Finally, the piece de resistance. A 5.25 inch refractor 5.25 inch lens by H Wideley.  Choice of altazimuth or equatorial mounting.. Rack focusing. Standard eyepieces give X 30, X 100, and X 200. Excluding lenses, the instrument costs about £20 - 25, including the mount with picador spindle. No drive ,as yet, but this will be there some day, and there is provision for it. Eye pieces around £5 - 6. The objective costs £150, and its adjustable cell £30.

 

   Now I will refer to the suppliers, and describe what is possible on various budgets, bearing in mind that our younger members are probably on low incomes.

   For less than £10 it is possible to make a telescope like the 1.75 inch seen here. Buy a 4.5 mm achromatic objective ( focal length 15 to 30 inches).   A simple convex eyepiece, say 0.5 or 1.0 inch focal length, perhaps a concave eyepiece for an upright image, but this is an inferior system. All these are available from H W English. Tubes can be had at Gardiner’s, Old Market. Stick floor tape or carpet [tape?] to the inner sliding tube to give it a snug fit. Also a simple stand.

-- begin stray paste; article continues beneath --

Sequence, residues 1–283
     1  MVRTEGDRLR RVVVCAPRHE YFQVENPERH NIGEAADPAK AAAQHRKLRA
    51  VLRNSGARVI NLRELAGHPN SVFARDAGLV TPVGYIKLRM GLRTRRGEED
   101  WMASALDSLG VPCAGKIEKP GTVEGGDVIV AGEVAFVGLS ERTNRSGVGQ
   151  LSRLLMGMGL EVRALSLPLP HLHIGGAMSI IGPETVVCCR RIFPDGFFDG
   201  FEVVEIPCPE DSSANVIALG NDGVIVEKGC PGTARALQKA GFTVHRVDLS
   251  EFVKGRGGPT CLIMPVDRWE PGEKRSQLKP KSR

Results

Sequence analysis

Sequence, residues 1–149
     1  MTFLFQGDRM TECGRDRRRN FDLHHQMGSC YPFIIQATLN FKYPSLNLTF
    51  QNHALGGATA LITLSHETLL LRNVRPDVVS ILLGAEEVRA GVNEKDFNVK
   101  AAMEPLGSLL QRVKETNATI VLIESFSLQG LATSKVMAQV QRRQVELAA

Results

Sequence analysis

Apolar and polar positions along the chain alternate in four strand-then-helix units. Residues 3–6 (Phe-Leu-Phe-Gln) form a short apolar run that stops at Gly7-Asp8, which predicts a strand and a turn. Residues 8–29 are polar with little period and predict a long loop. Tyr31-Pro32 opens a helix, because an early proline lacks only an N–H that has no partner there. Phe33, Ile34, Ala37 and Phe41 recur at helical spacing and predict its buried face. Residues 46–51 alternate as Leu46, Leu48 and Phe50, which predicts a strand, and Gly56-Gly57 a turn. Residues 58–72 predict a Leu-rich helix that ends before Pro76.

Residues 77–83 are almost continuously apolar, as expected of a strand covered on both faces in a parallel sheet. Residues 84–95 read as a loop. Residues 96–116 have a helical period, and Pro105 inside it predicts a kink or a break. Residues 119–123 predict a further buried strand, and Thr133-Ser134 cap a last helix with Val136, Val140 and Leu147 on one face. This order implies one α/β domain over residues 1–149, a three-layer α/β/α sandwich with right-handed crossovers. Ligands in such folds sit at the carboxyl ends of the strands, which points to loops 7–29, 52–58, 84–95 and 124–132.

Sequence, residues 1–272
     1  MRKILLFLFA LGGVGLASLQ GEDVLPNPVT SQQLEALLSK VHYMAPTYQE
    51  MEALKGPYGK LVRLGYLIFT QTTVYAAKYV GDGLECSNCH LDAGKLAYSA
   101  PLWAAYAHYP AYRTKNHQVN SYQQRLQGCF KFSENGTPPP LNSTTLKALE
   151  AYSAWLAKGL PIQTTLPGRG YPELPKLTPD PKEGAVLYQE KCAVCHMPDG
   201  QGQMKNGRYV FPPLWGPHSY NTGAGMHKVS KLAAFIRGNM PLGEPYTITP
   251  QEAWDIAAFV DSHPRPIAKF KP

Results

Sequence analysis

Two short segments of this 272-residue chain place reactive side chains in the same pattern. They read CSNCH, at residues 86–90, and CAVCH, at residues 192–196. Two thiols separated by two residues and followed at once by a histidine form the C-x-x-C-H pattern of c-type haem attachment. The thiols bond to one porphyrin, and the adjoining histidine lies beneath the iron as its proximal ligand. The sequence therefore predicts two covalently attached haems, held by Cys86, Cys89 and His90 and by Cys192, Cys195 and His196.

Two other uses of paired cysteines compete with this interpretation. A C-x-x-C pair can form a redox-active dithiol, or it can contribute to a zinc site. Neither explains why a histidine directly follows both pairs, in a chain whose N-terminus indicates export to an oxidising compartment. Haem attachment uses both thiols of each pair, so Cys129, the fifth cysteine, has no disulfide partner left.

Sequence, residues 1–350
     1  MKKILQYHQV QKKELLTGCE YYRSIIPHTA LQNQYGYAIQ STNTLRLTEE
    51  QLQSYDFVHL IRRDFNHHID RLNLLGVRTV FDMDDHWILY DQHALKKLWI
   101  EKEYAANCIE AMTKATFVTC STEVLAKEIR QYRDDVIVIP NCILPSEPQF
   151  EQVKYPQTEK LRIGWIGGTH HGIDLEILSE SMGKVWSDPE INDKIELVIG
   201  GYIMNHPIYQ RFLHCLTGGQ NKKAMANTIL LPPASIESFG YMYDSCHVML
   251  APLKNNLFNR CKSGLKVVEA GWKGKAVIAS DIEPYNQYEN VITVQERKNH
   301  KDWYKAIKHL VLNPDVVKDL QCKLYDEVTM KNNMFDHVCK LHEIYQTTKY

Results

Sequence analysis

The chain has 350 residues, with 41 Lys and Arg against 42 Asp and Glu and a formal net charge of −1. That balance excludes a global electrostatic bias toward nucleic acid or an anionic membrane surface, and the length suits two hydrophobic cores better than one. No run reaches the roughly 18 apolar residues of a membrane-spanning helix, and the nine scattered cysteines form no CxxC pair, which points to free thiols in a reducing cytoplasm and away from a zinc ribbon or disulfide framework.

For £10 to £50. Similar or somewhat larger objective to the above, but a couple of standard 24.5 mm eyepieces. This budget will allow a really good tripod and picador spindle as used on the 5.25 inch. Similar tubing but notice the inner tube can be partly filled with plastic padding, suitable hollowed out to take the eyepiece, with a wire holder to stop the eyepiece falling out. On this budget one can think of building up to a 6 inch reflector if one grinds the mirror, or a 4 inch if purchased from H W English.

   £50 to £250. With this can be built a satisfactory telescope, as defined by Patrick Moore. A ready made 3 inch refractor or a home made 5.25 inch one. It will also permit the assembly of a really good reflector if the mirror is bought from H Widely. A 10 inch is about £100, an 11.75 inch £150. The carpentry would be done at home. A large picador spindle, or a 4 inch reflector (or 3 inch refractor) and mounting bought from Fullerscopes.

    £250 to £1000. Ready made 6inch and 8.5 inch reflectors from Charles Frank and Fullerscopes, complete with mounts. Also 4inch to 5inch refractors, including mounts, and the cheapest (and nastiest) 6 inch refractor with mount.